Few would argue with the importance of organ donation—138 million people in the U.S. have signed up as organ donors, and with more than 114 million Americans on the organ transplant waiting list as of August, the need for donors is greater than ever.
While typical complications for a recipient of a donated organ include rejection, surgery complications and infection, a recent case in the U.K. brought to light yet another risk even doctors couldn’t foresee: Donations by a woman with undiagnosed breast cancer resulted in four of the recipients of her organs contracting a “histologically similar” type of breast cancer over a period of 16 months to six years. Three out of four of them eventually died.
While donor organ recipients contracting cancer from the tissue isn’t unprecedented, it is extremely rare — the risk is considered to be less than 0.1 percent. But even then it’s usually only one patient who gets cancer, not four, according to the case study, published in the American Journal of Transplantation.
The donor, a 53-year-old woman who died of complications from a stroke, was subjected to all the usual tests before her organs were harvested, including a physical exam, an X-ray and an ultrasound. All came back negative for cancer. Both kidneys and lungs and the liver were then distributed to four donors: a 32-year-old man and 62-year-old woman each received a kidney, a 42-year-old woman received the lungs, and a 59-year-old woman received the liver.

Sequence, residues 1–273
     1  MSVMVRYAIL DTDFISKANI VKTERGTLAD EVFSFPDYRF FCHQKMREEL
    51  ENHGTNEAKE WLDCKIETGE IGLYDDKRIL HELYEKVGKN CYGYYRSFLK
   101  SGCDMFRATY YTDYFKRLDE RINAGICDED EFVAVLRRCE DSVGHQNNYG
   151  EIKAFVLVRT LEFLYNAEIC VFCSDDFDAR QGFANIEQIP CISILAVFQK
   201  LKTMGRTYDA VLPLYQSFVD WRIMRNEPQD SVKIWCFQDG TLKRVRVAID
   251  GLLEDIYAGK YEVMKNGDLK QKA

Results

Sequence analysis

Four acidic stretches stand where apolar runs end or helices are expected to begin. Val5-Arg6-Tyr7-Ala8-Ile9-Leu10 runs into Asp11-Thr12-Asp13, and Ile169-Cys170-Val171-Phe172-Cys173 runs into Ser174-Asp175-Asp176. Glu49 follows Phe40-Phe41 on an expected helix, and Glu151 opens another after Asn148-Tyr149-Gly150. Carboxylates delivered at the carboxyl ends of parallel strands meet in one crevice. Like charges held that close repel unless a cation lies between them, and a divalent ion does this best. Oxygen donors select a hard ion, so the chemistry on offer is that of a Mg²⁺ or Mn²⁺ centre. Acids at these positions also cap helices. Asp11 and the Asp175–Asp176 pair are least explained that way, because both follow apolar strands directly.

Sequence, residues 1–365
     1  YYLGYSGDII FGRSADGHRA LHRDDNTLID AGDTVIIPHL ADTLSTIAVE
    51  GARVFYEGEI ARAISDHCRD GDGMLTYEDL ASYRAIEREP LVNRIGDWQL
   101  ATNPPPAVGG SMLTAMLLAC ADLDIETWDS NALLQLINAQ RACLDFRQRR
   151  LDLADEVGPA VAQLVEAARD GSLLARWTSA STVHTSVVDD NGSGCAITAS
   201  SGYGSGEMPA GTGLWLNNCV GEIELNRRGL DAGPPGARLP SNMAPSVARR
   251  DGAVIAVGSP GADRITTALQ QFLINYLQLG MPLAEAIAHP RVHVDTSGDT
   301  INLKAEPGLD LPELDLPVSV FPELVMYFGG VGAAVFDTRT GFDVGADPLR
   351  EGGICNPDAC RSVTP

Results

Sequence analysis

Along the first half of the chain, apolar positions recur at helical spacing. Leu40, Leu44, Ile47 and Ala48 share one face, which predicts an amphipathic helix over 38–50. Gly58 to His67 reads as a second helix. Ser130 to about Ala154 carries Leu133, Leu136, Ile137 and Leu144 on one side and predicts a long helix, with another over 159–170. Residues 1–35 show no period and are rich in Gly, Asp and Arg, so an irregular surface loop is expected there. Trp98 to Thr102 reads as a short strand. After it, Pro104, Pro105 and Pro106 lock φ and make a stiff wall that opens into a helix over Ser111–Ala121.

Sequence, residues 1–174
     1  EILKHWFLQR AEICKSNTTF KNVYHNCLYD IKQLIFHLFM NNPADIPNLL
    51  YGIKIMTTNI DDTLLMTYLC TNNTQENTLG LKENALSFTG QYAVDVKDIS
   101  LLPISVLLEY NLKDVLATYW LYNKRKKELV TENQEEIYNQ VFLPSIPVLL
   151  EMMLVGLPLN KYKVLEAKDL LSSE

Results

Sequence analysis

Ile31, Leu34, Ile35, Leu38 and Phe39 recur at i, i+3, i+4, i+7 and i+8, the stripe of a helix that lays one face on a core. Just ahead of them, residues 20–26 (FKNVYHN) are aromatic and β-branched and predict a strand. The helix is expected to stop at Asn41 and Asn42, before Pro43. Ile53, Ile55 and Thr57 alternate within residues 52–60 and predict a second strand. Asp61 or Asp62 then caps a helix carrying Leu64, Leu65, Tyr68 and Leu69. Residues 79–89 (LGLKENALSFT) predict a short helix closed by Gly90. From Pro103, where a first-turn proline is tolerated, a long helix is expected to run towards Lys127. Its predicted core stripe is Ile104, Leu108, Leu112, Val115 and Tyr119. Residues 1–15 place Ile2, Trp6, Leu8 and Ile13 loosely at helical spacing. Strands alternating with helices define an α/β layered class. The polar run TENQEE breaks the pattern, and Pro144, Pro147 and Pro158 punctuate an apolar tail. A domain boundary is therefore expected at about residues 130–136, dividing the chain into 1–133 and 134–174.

One by one, the donors eventually became ill with breast cancer — including the 32-year-old man, who was found to have breast cancer cells in his donated kidney. All but the man eventually succumbed to the cancer, which doctors believe spread more quickly due to immunosuppressive drugs the patients were taking to prevent organ rejection.
DNA analysis proved the original donor was the source of the cancer; doctors believe she had undetected metastasized breast cancer at the time of donation, and that each of her donated organs contained clusters of cancer cells.
“It remains unclear whether a predonation total-body CT scan of the donor might have revealed the malignancy,” the case study authors write. “The drawback of a routine postmortem CT scan for all donors is that it will increase clinically irrelevant findings, which might lead to more rejection of donors and a decrease of the already scarce donor pool.”
Dr. Frederike Bemelman, co-author of the case study and a professor at the Department of Neurology at the Academic Medical Center, Netherlands, confirmed to Newsweek that this was an exceedingly unusual case.
“In my practice of more than 20 years, this case really stands out,” Bemelman said. “One can extrapolate from this that the current policy for the acceptance and screening of donors actually works really well. However, when it happens, one should consider removing the donor organ, if possible, so that all immunosuppressive drugs can be stopped. This gives the immune system a chance to restore itself and start an immunoresponse against the tumor cells.”